Family Traces Tainted Water To Racial Discrimination - | Nashville News, Weather & Sports

Family Traces Tainted Water To Racial Discrimination

A case of potentially toxic drinking water in Dickson County caught the attention of Erin Brockovich and the late attorney Johnny Cochran six years ago.

Tuesday, a member of the family who fought so hard in the case died. Harry Holt lost his lengthy battle with cancer at the age of 66.

Only NewsChannel 5 was invited into the Holt family home to talk about the on-going case.

His family said the suspected case of toxic water went unnoticed so long because of racial discrimination.

The Holt family has been talking for years about their issues with few results. Now their case is being bolstered by Robert Bullard, an Atlanta PHD well studied on the carcinogen TCE, or Trichloroethylene.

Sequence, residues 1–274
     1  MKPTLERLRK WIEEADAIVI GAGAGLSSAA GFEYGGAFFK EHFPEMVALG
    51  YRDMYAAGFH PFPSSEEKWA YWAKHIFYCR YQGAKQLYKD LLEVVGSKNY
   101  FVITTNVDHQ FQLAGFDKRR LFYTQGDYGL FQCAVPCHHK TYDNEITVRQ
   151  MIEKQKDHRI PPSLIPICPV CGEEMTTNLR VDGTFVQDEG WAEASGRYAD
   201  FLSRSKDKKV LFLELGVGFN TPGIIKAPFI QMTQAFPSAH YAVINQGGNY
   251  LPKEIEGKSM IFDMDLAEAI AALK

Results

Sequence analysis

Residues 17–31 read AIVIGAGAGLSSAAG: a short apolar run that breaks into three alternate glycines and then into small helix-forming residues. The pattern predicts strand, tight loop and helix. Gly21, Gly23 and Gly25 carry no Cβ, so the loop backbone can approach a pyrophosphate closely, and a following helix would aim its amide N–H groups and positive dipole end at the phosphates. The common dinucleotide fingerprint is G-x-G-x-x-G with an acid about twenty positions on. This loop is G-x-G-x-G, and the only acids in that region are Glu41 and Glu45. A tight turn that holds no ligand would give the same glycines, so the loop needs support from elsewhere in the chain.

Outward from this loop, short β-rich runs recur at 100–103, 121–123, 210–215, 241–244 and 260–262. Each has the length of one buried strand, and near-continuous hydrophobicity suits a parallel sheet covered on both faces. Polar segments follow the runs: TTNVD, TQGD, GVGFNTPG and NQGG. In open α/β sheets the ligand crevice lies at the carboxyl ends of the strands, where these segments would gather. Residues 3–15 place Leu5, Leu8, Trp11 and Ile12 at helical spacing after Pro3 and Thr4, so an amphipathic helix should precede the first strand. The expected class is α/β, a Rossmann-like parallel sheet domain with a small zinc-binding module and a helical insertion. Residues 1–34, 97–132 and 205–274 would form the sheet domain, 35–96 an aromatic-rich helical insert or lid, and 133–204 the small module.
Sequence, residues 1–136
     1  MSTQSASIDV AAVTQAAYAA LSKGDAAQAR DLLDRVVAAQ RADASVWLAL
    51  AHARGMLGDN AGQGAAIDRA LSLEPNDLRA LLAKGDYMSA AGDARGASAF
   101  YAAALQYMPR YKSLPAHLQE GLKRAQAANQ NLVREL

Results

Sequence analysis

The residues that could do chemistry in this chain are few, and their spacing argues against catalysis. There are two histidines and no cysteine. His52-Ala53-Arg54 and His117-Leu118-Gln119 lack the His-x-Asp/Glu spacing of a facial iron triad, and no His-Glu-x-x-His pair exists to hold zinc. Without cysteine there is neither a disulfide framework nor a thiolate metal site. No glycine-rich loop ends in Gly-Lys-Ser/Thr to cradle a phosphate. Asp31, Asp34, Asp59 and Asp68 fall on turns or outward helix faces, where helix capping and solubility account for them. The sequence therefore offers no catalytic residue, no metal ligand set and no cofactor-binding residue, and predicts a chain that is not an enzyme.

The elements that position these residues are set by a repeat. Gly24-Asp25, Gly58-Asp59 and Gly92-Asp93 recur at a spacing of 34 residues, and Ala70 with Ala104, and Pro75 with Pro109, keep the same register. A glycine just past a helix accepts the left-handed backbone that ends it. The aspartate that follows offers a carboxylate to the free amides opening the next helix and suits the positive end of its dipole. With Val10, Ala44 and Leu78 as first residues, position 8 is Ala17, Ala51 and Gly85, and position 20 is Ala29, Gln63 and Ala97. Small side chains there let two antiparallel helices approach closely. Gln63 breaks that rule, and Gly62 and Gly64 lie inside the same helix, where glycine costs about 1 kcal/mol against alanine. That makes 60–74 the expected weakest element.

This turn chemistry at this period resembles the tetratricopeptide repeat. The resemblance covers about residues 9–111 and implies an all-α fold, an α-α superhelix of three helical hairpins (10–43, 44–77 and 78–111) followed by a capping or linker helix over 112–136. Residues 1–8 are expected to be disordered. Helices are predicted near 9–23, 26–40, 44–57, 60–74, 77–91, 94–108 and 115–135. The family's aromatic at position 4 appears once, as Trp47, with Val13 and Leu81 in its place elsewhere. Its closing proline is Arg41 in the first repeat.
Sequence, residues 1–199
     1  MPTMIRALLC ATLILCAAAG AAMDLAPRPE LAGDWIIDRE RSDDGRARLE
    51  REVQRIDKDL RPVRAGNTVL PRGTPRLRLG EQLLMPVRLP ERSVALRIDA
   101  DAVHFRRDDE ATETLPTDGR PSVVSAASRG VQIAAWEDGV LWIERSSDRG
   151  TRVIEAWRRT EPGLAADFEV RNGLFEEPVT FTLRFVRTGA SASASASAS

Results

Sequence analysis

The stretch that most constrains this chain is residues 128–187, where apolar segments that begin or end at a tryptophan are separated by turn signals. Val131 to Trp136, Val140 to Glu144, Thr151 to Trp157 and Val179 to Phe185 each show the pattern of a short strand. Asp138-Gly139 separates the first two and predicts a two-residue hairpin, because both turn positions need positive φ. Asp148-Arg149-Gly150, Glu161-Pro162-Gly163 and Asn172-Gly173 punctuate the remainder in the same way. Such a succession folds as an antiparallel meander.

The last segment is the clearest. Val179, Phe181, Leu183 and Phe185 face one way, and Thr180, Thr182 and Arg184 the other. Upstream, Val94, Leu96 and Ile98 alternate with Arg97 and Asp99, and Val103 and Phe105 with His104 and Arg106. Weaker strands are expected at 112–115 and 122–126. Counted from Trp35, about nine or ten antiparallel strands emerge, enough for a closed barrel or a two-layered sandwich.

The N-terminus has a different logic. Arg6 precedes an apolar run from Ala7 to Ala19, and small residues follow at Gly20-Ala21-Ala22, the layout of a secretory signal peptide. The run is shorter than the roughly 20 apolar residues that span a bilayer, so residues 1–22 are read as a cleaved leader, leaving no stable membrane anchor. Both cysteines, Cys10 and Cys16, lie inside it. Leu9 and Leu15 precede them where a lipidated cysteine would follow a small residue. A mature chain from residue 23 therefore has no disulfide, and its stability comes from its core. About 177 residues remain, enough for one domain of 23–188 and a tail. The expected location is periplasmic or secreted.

Bullard said he has a rock solid case to sue, including hundreds of pages of documentation that prove that the Holt family was never warned about their water while other Caucasian families were.

"This black family was treated very differently than white families, whose wells and springs were found to be contaminated," Bullard said.

The source of the tainted water, the family claims, is a still operational county landfill that dates back 40 years.

The Holts could win their lawsuit, or they could lose. For now, the case is stagnant.

Historically city and county leaders have been reluctant to talk about the Holt lawsuit. The county attorney did not return a phone call from NewsChannel 5, and reportedly denied CNN an interview.

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